Pubdate: Mon, 10 Aug 2015
Source: Washington Post (DC)
Copyright: 2015 The Washington Post Company
Author: Terrence McCoy


UNICORPORATED JACKSON COUNTRY, N.C - The chemist who unwittingly 
helped spawn the District's synthetic drug epidemic is a hard man to 
find. His phone numbers are listed under his wife's name. Strangers 
who call his laboratories at Clemson University are told he doesn't 
return messages.

To find him, you must travel deep into the Smoky Mountains and take a 
road that winds into the clouds. There, atop a mountain, you will 
discover a stooped, elderly man padding about a house cloaked in mist.

John W. Huffman is his name. But he is better known by his initials: 
JWH. In the world of synthetic drugs, few letters carry greater 
notoriety. They have materialized on thousands of advertisements 
selling what are known as synthetic cannabinoids or marijuana. And 
government authorities have banned nine JWH substances, making him 
arguably the nation's most prolific inventor of outlawed synthetic 
Huffman's compounds, experts say, laid some of the earliest 
groundwork for what has become a scourge of cheaply made, 
mass-produced synthetic drugs wreaking havoc in the District and 
beyond. Since the 1990s, when Huffman cloistered himself in a lab and 
forged hundreds of compounds for medicinal purposes, the synthetic 
marijuana industry has become an international, multibillion-dollar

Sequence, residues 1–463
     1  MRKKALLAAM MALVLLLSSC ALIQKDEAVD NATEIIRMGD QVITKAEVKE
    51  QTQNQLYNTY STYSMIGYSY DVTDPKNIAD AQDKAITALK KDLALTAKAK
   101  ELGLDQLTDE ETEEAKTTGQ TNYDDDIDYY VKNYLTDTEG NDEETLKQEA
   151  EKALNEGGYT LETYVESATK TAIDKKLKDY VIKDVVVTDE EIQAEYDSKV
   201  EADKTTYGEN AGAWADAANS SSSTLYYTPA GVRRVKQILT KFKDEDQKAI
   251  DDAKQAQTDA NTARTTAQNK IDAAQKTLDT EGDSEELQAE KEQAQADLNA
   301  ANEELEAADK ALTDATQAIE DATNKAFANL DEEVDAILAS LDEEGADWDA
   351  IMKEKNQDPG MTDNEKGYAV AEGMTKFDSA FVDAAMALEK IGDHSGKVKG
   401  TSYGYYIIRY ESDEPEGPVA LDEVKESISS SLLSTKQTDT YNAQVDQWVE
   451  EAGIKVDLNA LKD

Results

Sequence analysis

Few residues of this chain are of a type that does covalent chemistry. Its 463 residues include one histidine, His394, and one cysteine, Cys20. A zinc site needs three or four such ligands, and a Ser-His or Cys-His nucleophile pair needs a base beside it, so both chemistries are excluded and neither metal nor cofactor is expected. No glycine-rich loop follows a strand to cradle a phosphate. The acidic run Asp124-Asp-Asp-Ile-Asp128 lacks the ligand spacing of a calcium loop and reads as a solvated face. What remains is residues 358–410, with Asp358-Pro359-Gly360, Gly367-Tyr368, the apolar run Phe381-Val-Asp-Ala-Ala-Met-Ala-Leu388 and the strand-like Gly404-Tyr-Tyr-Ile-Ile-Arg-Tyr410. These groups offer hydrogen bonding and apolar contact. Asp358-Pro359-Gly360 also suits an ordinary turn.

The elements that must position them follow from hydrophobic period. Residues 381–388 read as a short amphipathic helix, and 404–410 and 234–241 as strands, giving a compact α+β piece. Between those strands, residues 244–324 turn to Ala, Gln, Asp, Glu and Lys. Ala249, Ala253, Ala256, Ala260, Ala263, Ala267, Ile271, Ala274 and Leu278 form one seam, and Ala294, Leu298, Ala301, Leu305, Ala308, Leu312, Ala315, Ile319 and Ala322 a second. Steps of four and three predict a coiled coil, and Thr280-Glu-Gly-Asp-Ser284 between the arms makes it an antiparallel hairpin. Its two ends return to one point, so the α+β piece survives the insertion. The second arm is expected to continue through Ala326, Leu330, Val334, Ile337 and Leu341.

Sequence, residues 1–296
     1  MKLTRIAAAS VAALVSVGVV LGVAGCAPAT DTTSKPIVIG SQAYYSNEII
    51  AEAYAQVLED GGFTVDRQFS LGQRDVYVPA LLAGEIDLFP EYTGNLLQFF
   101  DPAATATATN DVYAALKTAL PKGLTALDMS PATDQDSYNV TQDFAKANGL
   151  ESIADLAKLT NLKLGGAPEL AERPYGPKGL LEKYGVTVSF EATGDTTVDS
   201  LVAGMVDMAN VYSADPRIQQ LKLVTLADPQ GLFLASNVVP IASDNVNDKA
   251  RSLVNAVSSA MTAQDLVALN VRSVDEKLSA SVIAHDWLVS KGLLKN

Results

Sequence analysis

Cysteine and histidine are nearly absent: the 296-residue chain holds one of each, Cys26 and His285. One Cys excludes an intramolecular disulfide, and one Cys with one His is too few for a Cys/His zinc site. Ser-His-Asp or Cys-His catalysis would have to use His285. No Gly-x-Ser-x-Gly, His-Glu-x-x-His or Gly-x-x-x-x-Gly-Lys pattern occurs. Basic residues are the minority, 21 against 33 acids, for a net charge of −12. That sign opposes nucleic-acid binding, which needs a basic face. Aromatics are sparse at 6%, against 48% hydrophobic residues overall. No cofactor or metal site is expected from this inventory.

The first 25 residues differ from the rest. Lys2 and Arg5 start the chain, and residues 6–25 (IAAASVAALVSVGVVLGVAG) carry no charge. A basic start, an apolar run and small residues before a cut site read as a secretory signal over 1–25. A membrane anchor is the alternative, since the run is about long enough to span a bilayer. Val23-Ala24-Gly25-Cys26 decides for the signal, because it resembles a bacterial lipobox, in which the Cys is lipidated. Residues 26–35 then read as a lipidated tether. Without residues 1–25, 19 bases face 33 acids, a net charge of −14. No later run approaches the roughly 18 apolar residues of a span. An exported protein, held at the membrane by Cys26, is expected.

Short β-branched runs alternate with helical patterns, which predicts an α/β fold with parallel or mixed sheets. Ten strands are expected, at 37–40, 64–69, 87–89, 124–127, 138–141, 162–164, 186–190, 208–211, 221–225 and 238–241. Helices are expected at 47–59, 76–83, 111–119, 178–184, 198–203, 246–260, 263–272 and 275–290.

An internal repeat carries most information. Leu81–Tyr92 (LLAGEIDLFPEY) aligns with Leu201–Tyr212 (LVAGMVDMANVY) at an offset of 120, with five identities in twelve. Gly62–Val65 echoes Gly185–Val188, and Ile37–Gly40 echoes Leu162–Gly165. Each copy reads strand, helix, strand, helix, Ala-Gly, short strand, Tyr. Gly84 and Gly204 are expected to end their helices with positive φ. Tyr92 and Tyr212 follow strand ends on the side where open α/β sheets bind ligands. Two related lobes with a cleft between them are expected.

juggernaut that D.C. Mayor Muriel E. Bowser (D) calls a "serious 
threat to our public health and public safety."

The number of overdoses in the District has exploded in recent 
months, data shows. In May 2014, medical professionals handled 50 
overdoses. But in June, that number mushroomed to 439, resurrecting 
the ghosts of the crack epidemic that once ravaged the city, and it 
led to a citywide crackdown on the sale of synthetic drugs that were 
once available at gas stations and convenience stores for as little 
as $5 a pack.

Despite the growing diversity of these synthetic cannabinoids, 
primarily produced by Chinese chemists intent on staying one step 
ahead of drug authorities, experts say many of them share a common 
ancestor in Huffman's work. The blueprints that he and others 
published in academic journals led to hundreds of new species of 
drugs that authorities have struggled to track.

How that happened is a familiar tale of unintended consequences in a 
rapidly interconnected world. Like ecstasy or LSD, synthetic 
cannabinoids mark the latest example of a substance hatched in 
medical research that metamorphosed into a rampant street drug.

Huffman's work "is how it all started," said Marilyn Huestis, senior 
investigator at the National Institute on Drug Abuse who has known 
Huffman for years. "This is how it started. And it's a very sad thing 
that it's happened. They are now off and running. . . . John's very 
distraught that this has all happened."

Unexpected transformation

But on a recent Thursday afternoon, Huffman didn't seem particularly